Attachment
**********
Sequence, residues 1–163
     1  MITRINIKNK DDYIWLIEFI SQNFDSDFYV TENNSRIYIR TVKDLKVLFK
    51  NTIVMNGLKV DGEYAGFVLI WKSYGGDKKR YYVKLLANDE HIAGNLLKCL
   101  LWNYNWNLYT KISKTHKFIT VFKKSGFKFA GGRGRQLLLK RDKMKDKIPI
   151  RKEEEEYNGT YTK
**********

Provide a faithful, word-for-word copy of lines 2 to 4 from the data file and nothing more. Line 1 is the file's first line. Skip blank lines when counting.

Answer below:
     1  MITRINIKNK DDYIWLIEFI SQNFDSDFYV TENNSRIYIR TVKDLKVLFK
    51  NTIVMNGLKV DGEYAGFVLI WKSYGGDKKR YYVKLLANDE HIAGNLLKCL
   101  LWNYNWNLYT KISKTHKFIT VFKKSGFKFA GGRGRQLLLK RDKMKDKIPI